S. David Stulberg

    S. David Stulberg

    This group of experts in the care of patients with rheumatic diseases and in the provision of hip and knee arthroplasty has provided valuable, up-to-date information on the perioperative use of the medications used in the treatment of inflammatory arthropathies, including SLE, in patients undergoing total hip and knee replacement surgery. The summary of the findings presented in Table 2 are clear and easy to implement. This summary should be accessible to and readily used by surgeons performing these procedures. The recommendation to continue the daily dose of glucocorticoids rather than administering perioperative supra-physiologic glucocorticoids doses (so-called “stress dosing” — a practice often carried out in patients on these medications) is worth noting and following. The authors acknowledge that the guidelines are not intended to dictate the care of a particular patient and that they are conditional (ie, the desirable effects of following the recommendations probably outweigh the undesirable effects). Therefore, these important recommendations should be used by physicians regarding each patient’s individual circumstances.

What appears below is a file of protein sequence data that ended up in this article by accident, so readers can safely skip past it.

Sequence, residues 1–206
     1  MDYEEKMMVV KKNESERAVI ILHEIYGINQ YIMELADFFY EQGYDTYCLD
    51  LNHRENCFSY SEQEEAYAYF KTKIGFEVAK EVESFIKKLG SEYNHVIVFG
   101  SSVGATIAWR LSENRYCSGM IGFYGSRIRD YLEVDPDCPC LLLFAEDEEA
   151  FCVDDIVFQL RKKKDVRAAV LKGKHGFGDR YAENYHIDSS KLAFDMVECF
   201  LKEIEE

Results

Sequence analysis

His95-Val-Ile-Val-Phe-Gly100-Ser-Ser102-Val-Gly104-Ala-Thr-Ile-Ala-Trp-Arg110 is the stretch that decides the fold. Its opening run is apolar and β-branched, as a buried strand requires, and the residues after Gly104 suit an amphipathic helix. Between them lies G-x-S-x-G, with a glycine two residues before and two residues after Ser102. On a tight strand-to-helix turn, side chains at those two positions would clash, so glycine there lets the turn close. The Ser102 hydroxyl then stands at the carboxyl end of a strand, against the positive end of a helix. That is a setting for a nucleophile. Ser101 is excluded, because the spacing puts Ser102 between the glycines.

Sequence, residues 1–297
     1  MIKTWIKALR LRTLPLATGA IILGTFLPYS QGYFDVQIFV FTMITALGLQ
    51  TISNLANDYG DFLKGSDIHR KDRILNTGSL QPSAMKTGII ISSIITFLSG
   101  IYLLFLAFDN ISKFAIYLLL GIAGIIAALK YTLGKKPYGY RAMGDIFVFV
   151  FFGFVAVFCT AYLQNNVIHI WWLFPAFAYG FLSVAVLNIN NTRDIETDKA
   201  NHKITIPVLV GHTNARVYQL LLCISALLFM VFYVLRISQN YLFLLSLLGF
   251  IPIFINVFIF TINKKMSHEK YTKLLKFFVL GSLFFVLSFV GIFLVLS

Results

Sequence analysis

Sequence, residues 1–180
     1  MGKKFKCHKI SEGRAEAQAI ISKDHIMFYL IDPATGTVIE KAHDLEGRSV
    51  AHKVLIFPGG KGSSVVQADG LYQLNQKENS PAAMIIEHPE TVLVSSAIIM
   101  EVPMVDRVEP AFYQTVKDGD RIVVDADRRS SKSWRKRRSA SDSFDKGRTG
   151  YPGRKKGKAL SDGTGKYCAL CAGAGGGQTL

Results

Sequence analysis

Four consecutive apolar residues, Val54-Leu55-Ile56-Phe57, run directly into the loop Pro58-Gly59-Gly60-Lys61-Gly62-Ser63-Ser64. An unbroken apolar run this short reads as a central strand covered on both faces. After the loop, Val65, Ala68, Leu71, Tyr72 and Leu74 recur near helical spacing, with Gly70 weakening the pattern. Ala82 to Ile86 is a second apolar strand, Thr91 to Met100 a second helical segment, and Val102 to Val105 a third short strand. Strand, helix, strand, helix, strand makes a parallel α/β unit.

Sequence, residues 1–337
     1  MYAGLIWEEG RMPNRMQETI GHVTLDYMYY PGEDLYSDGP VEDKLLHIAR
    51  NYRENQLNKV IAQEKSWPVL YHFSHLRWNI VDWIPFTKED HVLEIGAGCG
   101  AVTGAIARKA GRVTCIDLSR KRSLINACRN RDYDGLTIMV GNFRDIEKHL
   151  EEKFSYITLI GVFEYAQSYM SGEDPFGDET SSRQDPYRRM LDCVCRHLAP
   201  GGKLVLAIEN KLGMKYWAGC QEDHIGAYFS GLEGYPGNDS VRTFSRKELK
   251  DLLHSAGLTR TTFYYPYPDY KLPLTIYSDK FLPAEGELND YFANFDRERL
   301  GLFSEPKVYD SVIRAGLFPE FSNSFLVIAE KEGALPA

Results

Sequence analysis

• S. David Stulberg, MD
    • Clinical Professor of Orthopaedic Surgery Northwestern University Feinberg School of Medicine Chicago

    Disclosures: Stulberg reports no relevant financial disclosures.

    Perspective
    Denis Nam

    Denis Nam